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STUDIO: Lions Gate
RUNNING TIME: 90 minutes
• Cast interviews
An undead gunslinger must kill an undead gang of outlaws because undead.
Written and directed by Andrew Goth, starring Wesley Snipes, Diamond Dallas Page, and Kevin Howarth.
After a long delay, Gallowwalkers finally hit DVD shelves. And it certainly wasn’t worth the wait. It’s a jumbled mess of spectacular violence and terrible dialogue. Snipes delivers a stiff, confused performance and besides a fight with a pro wrestler, the film is a sluggish bore.
Gallowwalkers has a long, rich history in development hell. The horror-western hybrid first came to the populace’s attention way back in 2005, when it was announced that Chow Yun-fat would be starring as a zombie-hunting bounty hunter. Back then the film was going under the title Wretched. That fell through and Wesley Snipes (Demolition Man) was brought on board as the lead. Filming began in Nanibia and then it turned out Snipes owed the IRS about $12 million in taxes. The actor had forgot to file his tax returns from 1999 through 2004. Must’ve been too busy filming The Art of War – totally understandable.
After flying back to the States and being released on a $1 million bond, Snipes returned to Africa to finish shooting. Of course, later he was sentenced to federal prison and was finally released this summer. So filming wrapped on Gallowwalkers (or, GallowWalkers) about six years ago. It rotted on the shelf until being picked it up for distribution and dumped onto home video by Lions Gate. Was the long delay worth the wait?
On the surface it sounds awesome. Snipes stars as Aman (get it?), an undead gunslinger out for revenge against the five outlaws who raped his lover. He paints his face white and finds the outlaws locked in prison. Like fish in a barrel, he shoots them all. Some tough guy, huh? A vaguely explained force known as “Skull Mountain” situated between the gates of heaven and hell (I think) allows the outlaws to be raised from the dead. Snipes narrates most of the exposition, but it’s all really ambiguous and faux esoteric – so don’t expect to get any answers concerning the zombies.
Also, Snipes delivers the narration in a baffling, wannabe stoic manner with all kinds of weird intonations. It’s way more humorous than engrossing. I have no idea what his direction was or if he just showed up on set and started talking like that, but it’s hysterical. When he explains his story to a brash young gunslinger named “Fabulos” (not kidding), Snipes says amazing shit like “For the sake of the unborn” and “For one of them grows inside of her.” I have no idea what he’s going for in this role, but Snipes has definitely been better. Maybe the tax-fraud jitters stunted his performance.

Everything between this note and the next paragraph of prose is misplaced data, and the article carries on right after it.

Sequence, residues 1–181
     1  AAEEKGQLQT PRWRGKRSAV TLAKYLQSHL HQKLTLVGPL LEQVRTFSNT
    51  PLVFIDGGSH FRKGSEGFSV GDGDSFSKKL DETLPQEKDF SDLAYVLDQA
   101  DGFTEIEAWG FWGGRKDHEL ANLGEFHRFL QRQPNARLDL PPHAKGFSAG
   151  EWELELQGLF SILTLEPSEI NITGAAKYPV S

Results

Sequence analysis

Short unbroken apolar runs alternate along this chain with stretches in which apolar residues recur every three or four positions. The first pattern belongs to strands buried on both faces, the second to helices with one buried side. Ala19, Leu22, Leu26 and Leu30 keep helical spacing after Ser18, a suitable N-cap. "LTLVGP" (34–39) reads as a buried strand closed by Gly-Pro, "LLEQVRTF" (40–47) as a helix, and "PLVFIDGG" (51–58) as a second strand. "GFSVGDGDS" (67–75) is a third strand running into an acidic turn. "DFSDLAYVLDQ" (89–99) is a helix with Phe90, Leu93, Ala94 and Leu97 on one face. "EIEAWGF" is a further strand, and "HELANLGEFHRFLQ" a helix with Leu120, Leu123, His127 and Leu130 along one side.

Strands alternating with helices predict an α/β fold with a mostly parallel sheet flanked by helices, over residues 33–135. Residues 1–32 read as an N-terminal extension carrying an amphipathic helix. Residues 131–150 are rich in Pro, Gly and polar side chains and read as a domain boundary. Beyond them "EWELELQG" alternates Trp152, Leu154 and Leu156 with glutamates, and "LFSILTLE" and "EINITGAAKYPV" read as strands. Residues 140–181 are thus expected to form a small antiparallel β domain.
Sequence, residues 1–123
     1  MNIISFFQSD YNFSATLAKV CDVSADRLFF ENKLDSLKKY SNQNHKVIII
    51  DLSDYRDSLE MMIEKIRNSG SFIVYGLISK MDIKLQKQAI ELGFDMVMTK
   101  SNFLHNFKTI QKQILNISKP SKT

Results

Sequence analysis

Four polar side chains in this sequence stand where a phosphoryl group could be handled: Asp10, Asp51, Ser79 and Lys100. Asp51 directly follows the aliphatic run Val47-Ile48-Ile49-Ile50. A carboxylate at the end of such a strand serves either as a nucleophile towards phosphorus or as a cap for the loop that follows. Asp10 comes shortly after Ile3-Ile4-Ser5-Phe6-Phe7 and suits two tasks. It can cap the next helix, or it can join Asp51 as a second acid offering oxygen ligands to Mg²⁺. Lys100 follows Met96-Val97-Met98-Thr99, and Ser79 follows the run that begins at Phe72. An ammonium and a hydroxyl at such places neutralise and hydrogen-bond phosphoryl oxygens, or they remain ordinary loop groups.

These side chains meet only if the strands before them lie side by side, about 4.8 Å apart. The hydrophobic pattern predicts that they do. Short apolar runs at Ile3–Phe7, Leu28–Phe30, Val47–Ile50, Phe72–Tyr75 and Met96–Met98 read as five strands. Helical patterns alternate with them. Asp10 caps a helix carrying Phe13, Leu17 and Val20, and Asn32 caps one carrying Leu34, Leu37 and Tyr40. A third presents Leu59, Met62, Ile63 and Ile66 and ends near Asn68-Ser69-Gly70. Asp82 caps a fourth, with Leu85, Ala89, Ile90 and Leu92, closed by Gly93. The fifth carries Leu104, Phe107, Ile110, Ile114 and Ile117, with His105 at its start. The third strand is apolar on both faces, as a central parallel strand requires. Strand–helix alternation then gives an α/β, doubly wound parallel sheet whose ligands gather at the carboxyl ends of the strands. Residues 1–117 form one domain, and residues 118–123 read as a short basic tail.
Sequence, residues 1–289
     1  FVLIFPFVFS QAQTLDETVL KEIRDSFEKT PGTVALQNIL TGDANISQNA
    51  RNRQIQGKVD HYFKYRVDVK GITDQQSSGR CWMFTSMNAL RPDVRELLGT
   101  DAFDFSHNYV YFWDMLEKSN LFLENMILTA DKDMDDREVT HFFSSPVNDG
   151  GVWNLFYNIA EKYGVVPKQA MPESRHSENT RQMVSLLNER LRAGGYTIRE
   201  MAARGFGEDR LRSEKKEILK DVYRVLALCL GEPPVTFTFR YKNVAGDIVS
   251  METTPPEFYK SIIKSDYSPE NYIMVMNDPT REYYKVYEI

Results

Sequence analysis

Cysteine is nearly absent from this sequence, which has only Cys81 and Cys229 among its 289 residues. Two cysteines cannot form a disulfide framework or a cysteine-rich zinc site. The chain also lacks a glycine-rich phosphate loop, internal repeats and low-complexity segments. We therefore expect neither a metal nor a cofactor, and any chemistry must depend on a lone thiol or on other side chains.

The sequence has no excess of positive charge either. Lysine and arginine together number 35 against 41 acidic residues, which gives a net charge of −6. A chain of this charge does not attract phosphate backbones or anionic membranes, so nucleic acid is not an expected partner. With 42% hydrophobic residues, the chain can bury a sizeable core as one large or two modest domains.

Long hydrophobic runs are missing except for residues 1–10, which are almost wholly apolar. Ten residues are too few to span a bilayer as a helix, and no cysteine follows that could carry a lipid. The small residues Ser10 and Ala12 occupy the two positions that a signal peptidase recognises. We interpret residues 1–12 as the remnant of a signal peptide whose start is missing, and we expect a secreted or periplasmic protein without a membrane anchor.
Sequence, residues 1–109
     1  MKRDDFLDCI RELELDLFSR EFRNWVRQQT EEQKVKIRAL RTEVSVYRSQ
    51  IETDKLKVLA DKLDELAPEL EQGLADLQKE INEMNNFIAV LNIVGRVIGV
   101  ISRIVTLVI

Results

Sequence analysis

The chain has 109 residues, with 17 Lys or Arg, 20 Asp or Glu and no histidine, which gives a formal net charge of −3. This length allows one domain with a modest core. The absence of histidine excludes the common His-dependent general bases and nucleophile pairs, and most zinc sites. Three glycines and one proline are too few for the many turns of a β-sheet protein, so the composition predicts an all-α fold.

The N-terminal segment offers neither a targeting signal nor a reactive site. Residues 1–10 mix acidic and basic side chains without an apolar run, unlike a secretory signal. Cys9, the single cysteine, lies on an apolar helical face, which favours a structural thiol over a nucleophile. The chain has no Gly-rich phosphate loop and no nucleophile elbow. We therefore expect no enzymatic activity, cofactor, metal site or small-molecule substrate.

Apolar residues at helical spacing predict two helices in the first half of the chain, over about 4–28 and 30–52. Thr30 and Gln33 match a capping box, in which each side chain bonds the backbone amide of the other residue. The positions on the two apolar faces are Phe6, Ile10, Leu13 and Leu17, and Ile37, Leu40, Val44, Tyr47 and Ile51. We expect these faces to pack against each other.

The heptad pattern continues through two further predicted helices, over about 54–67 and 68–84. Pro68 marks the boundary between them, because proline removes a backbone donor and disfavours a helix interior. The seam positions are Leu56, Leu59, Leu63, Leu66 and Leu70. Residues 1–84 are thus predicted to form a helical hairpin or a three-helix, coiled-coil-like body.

The outlaw leader, Kansa (Kevin Howarth) is a pretty great villain. When he was still alive, he encourages his son to rape – “Become a man!” After he’s undead, he’s wicked into skinning people and giving real menacing speeches. Howarth definitely hams it up and helps elevate the film to a tolerable level of B-movie fun. The rest of his motley band is made up of characters like Slip Knot, Kisscut, and Skullbucket, played by yoga guru Diamond Dallas Page. There’s also a guy who discusses the benefits of wearing lizard skin on your head versus human skin. Lizard skin is good in the sun up to a month!
While there’s a colorful cast of characters to inhabit his film, writer/director Andrew Goth cripples them with a miserable script. The dialogue, no matter how it’s delivered, is atrocious. There’s really only two action scenes in the film and the rest of the 90 minute running time is made up of languidly paced flashbacks and a whole lotta nothing. About 15 minutes could’ve been cut to make a leaner, meaner movie.
At least when nothing is going on, it’s shot wonderfully. There’s a clear Sergio Leone influence in the tremendous wide shots and close ups. It all looks fantastic and the African landscape heightens the dry immersion. All pretty landscapes aside, the fight between Snipes and Diamond Dallas Page is the highlight of the film. It’s a down and dirty slugfest in a slaughterhouse with DDP using his girth to throw Snipes around like a piece of trash. It’s certainly a fun scene after so much self-important blabbing by Snipes. All of the violence in the film is set at an appropriate level of ridiculous. Lots of heads get ripped off with spines dangling and heads get blown off left and right. In that department the film manages to be fun as well.
So was it worth the wait? Naw. Typically movies sit on the shelf for years for a reason (You’re Next being the exception), which is usually they suck. GallowWalkers sucks. If it was shorter, didn’t take itself so seriously and just hammed it up the whole time, it could be a fun movie. Instead it’s a bland, achingly paced disaster with Snipes portraying a stiff, silly-speaking hero. Here’s hoping he comes back with a vengeance in Expendables 3.
All that’s included is a 10-minute collection of cast interviews with some behind the scenes footage thrown in.
Rating: Out of a Possible 5 Stars
Out of a Possible 5 Stars